“Looked like a police dog,” I say.
“I scheme so too,” says Joey. “But then where the cops?”
“Ay, who knows,” this little 18-year-old raver oke with gelled-up hair that I’ve never met before tunes. “I gotta be going home now, though. Can you get my coffee. Cheers hey.”
“Ja. Shot, hey,” the rest of the okes at his table tune, and bail as one.
“Ay, fuck you ous” Joey blurts out. “I just been robbed of a grand and now I gotta pay for your coffees?”
But the lighties are outta there fast.
“And those little shits owe me about five hundred bucks each,” growls Joey with his face in his hands, lank bitter. “Fuck!”
“So let’s go get ghoefed,” says Dennis. It’s a winner, that suggestion. We all stand up, except him. Girricks tryna finish his bummed pot quick, having huge lung-hits of the Stuyvie.
“No refills for you guys?” asks the giggling waitress from now-now. Quite a sweetie, actually.
“Nah. We bailing. Gonna go have a wheat at Joey’s spot,” Dennis tunes her. “When d’you get off shift?” He’s spading her swak.
“What’s your name? I’m Dennis, this is Gary, you know Joe, and this is Pitjie – Steve – he just got back from overseas.”
“Hi. Hi. I’m Sharon. Not soon enough, hey. I’ll catch you guys some other time.” She’s got a beauty spot, and these wicked sexy, pouty lips. Arty kind of babe. Jewish looking, with her hair up and curly.
“Hope so,” says Dennis, and we’re off.
“I’m fully functional, in case you’re wondering,” he shouts back to the waitress as Girrick wheels him out.
“Let’s go for a cruise,” Joey schemes as we get into his car. “There’s a whole lot of okes passed out at my spot, and the chick’s still dossing. Let’s just do the beachfront. I got a section here.”
Girrick lifts Dennis out of his chair and lowers him into the passenger seat. Folds up his chair, walks round to the boot and drops it in. Looks like he’s done it lank times.
Joey reaches into the cubbie and whips out a bankie. I lean through the middle and check it out. It’s not first grade, it’s second grade. Bit dry and lank little pitjies in it. And stalky. Smells quite peppery, though. Should put on.
Dennis starts crushing on the Sunday Times magazine. Picture of the blonde babe from Austin Powers on it. He’s got a new sorting technique, because he only has one thigh, so he can’t crush between his legs any more. He holds it folded over in his left hand, and picks the seeds out one by one. He’s got it down, though, and by the time we get off the freeway and onto Beach Road at the Bumble, he’s got a king-size zock blazing. Mmmmm. Splif de Paradis.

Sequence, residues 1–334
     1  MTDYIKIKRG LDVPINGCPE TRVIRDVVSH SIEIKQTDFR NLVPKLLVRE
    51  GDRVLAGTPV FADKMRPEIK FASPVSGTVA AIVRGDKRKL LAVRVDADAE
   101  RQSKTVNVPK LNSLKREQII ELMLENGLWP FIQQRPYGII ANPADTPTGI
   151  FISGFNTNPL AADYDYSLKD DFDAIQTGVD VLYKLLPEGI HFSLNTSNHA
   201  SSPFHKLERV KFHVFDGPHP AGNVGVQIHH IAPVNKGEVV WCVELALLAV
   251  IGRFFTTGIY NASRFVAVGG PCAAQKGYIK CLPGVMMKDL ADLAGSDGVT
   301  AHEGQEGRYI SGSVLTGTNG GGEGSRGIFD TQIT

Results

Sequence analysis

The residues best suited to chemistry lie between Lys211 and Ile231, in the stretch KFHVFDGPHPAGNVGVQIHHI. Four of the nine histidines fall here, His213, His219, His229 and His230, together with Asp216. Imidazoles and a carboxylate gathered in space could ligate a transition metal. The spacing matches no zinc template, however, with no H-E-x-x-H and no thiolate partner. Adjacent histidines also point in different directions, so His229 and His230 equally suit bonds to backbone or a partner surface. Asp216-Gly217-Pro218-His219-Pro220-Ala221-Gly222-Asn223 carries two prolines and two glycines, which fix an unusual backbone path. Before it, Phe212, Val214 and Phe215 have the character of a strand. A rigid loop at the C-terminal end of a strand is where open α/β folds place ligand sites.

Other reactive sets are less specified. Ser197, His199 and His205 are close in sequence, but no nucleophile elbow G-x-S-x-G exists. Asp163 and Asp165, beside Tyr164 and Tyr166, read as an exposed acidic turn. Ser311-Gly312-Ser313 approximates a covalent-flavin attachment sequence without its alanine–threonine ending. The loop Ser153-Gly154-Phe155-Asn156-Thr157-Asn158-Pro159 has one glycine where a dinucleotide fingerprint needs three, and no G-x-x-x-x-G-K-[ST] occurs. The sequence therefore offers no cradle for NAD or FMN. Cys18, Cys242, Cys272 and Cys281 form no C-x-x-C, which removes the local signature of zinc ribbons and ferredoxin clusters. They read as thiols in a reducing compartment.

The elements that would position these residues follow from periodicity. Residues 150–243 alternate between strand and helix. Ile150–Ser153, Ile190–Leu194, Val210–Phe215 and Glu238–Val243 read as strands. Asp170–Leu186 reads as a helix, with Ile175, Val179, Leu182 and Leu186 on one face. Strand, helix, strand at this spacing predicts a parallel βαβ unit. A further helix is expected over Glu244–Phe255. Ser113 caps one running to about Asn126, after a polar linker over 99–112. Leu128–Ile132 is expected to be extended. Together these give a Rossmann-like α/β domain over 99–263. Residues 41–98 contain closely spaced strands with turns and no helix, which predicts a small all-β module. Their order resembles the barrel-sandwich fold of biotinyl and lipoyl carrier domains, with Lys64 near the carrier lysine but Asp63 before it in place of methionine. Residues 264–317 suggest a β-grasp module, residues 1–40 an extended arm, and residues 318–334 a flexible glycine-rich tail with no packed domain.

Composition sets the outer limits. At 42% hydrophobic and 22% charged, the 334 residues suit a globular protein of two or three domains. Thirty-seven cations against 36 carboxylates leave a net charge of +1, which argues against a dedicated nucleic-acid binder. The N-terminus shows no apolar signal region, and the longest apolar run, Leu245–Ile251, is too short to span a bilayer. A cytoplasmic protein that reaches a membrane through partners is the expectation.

“Zheezzzz, how’s all this development,” I can’t help blurting out. They built an entire shopping mall behind the Bumble – Spar, gym, bottle store, shops, offices, a M-Net sports café.
“Even a McDonald’s”
“Bra, there’s four McDonalds’s”
Good grief. Leave town for a couple of years and they turn it into a city. I’m pulling on the pockie by the time we get to Hobie Beach. That whole section where Sea Acres was and the tennis stadium used to be is flattened. Full demolitions going on, and bulldozers levelling ground up where the rondavels were – where the Nude Girls used to stay. Although it’s Sunday, so the plant is just standing.
“Casino, bra,” Dennis tunes me. “With restaurants and five-star hotel and all kids of stuff. They taking over the army base too, and the Sugarbush roadhouse.”
The wind’s a howling south-west, so the sea is pale green, and being whipped creamy. Millers is half a foot, with cross-waves chopping the surf to deah. Building sand is being lashed all over the greater Boardwalk area, and it’s miserable.
It must be gale force. The only people braving the weather are a couple of die-hard car guards and a Despatch-looking family going for lunch at Barney’s. There’s some dude trying to sell necklaces out of his kombi, it seems, as we cruise by, heading round the corner. Scoob’s only half way. Joey rolls down his window a bit. “Bra, I can hardly see out the windscreen. Dennis you always gotta roll such huge joints.”
“Ay it’s organic, Joe. It comes from the good earth,” says Dennis, all defensive. “We have naturally evolved THC receptors in our brains especially for getting ghoefed. Smoking zol is our evolutionary birthright,” he says. “Unlike certain other synthetic medication.”
“Dennis, you weren’t being quite so judgmental at Logic last night,” Joey’s tuning in his mert voice again. “I gave you three pills on credit. Now you owe me six-forty. Make it a sweet six hundred.”
“So Pitjie…” Dennis changes the subject without even flinching. “Why d’you come back?”